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English Essay on "Tess of the D'urbervilles" and " The Boarding House"

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Introduction

English Essay on "Tess of the D'urbervilles" and " The Boarding House" " Tess of the D'urbervilles" by Hardy is a thoughtful novel, which depicts life and explores the issue of children maturing and venturing into the world of independence on their own. The persona of this paperback is a sophisticated, reflective and intellectual young adult, presumably female. The narrator reflects on the myriad lessons that the youth (Tess) has familiarized herself with. In particular, Tess notes the value of one's actions and their consequential outcomes. Mutually " Tess of the D'urbervilles" and " The boarding house" illustrated the significantly dogmatic views, which pursue young females of that generation. The views of the past concerning females sexual maturity and virginity were recognized as orthodoxy. A female had a path of life previously set for her by society. She could not virtuously act against set values of her society. Further antagonistic approach to this set way of life would result in unwanted hate and vicarious acts upon you. To say that Polly, the wittingly charming character, and Tess, the shy young maid seeking to please her family, are like is far from the truth however, concerning the characters physical attributes; a correlation is seeable. Tess is sensual and na�ve in her own rights. ...read more.

Middle

Sexually inexperienced, and mentally weak, Alec took advantage of her. From that point on, Tess's life had taken a turn for the worse. Starting with the calamity with Alec, she was left with an unhealthy baby and a world away from where she was presuming to be. Hardy continues to leave many of the details of Tess's seduction ambiguous by allowing a certain space of time to pass between the night at The Chase and Tess' return to Marlott several weeks later. Both Tess and Alec, however, indicate that their sexual encounter was to some degree consensual. Most importantly, Tess admits that her "eyes were a little dazed" by Alec and that the event was a moment of weakness. This is the first concrete for Alec's seduction of her, rather than accusing him of treachery. Indication that Tess realizes her capability for sexuality; previously unaware of others' sexual designs for her and disdainful of the lust exhibited by others, Tess now admits that she too was capable of some degree of lust for Alec. This is significant as a development of Tess's sexual attitudes and as an indication of her inherent self-criticism. She finds herself to blame instead of accusing him of treachery. The sentiment of guilt was felt in both situations. Polly did not realize the significance of her puerile act until rumors were flourishing and " The madam" had been overexposed to them. ...read more.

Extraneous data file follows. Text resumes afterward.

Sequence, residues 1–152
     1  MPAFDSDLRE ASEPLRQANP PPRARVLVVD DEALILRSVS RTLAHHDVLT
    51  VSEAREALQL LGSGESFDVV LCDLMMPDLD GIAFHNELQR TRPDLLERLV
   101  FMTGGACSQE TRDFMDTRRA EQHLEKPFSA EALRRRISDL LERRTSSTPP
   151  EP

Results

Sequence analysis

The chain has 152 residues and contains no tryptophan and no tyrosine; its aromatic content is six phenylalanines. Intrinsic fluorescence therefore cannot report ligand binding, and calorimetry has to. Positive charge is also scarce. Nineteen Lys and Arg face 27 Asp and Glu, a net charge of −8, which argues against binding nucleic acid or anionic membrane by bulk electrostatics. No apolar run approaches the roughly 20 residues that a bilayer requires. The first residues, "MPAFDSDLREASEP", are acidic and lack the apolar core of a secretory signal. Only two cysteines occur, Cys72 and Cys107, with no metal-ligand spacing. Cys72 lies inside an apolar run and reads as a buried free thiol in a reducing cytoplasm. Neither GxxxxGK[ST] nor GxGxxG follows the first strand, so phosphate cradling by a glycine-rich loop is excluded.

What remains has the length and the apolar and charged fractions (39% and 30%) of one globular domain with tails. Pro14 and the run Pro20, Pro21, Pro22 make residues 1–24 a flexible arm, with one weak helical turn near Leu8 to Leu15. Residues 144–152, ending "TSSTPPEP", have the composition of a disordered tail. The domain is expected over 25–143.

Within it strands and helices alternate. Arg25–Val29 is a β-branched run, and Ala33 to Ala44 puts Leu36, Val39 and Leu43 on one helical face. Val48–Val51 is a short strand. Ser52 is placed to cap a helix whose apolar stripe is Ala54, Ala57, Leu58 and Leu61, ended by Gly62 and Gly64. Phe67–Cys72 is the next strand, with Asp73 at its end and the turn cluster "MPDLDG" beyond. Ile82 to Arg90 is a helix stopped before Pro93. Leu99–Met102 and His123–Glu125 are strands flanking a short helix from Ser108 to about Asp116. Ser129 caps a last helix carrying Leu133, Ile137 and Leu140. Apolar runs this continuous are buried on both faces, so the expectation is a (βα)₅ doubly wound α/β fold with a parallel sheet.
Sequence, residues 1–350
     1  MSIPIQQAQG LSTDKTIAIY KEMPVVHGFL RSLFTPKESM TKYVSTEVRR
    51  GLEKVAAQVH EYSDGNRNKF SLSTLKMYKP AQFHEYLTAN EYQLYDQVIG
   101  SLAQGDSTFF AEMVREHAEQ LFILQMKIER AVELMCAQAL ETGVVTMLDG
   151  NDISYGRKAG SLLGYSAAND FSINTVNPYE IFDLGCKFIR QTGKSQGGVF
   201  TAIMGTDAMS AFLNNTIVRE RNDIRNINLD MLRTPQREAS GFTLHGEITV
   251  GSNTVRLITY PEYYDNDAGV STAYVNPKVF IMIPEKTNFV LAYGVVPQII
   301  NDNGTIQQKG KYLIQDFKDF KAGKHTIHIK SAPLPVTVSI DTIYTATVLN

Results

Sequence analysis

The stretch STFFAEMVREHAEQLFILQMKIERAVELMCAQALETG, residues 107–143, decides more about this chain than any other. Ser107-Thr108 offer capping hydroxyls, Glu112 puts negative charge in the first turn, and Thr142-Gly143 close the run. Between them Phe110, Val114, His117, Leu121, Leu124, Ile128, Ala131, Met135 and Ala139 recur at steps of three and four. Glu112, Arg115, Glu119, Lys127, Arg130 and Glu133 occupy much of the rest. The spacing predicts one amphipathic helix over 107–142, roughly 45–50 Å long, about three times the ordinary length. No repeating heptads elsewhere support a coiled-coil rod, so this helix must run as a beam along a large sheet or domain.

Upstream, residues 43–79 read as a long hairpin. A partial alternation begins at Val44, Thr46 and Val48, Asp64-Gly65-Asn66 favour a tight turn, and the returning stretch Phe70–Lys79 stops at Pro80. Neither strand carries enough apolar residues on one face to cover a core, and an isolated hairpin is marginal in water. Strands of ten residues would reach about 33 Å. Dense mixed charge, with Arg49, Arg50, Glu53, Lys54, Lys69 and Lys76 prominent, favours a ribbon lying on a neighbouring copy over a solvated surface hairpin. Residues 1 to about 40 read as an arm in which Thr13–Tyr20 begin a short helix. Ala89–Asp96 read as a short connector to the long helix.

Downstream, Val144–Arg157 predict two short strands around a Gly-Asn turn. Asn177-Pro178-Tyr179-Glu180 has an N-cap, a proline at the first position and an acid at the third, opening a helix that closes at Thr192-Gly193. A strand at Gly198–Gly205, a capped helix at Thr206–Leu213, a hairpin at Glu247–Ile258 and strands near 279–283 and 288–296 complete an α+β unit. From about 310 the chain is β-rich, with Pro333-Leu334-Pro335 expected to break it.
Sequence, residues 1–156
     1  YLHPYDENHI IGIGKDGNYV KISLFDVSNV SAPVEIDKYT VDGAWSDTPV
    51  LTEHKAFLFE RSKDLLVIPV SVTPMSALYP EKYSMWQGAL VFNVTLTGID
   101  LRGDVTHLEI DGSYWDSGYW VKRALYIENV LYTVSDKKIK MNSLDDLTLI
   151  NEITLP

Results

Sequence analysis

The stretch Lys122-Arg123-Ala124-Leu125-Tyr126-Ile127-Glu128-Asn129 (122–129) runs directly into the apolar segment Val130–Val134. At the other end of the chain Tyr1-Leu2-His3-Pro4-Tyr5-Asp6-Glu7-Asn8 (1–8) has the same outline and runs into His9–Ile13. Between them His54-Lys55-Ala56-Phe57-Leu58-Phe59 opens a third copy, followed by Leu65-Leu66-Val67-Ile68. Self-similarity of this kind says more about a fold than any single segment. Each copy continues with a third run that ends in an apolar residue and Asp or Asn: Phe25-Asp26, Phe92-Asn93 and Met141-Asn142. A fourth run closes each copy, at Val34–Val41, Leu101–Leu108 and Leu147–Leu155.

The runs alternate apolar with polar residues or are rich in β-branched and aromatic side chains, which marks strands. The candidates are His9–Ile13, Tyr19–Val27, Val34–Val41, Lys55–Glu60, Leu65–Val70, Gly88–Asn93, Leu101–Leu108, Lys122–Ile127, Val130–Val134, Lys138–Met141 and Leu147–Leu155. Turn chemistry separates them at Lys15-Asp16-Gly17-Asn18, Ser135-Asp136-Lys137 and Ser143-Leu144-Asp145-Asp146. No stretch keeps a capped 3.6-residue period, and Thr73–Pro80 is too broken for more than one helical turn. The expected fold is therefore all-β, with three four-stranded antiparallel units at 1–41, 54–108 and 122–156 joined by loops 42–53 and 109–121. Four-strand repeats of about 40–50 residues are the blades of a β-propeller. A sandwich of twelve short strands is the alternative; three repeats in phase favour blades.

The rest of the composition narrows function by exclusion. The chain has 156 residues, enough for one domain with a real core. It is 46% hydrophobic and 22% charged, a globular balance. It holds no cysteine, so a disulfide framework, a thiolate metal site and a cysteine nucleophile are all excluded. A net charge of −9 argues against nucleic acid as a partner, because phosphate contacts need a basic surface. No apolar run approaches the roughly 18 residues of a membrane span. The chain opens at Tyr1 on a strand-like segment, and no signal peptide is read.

Conclusion

Polly is described as " a slim girl of nineteen". You notice that points of view are used in both stories. Frequently, Hardy writes as though he is retelling a tale which has been handed down from people who observed some of the events or were themselves told about them. Both writers very elegantly make use of different viewpoints to help give the story credibility. The orchestration of how both authors used pathetic fallacy was well done and pragmatically emit strong, emphatically images. This technique can be used to acquire the reader's attention and truly make the scene realistic. It may also be used to foresee reality e.g. it is not always cloudy or rainy when bad things occur. As I speak of orchestration, I am also implementing that the author is the omniscient. It is in his hands the true fait of the characters and to cause drama in order for the readers to potentially increase and for the book to be more appealing. Drama plays a lead role in both tales and when evaluated, Tess's life appears to be the aftermath of drama. As to does Polly's life. Thus the reader is not fully detailed as to where her mistake will take her (although it is highly palpable). Personally, I would not have ever pondered on the thought of both tales taking a bathetic turn. This is a technique used by a vast number of authors not only in the past. ...read more.

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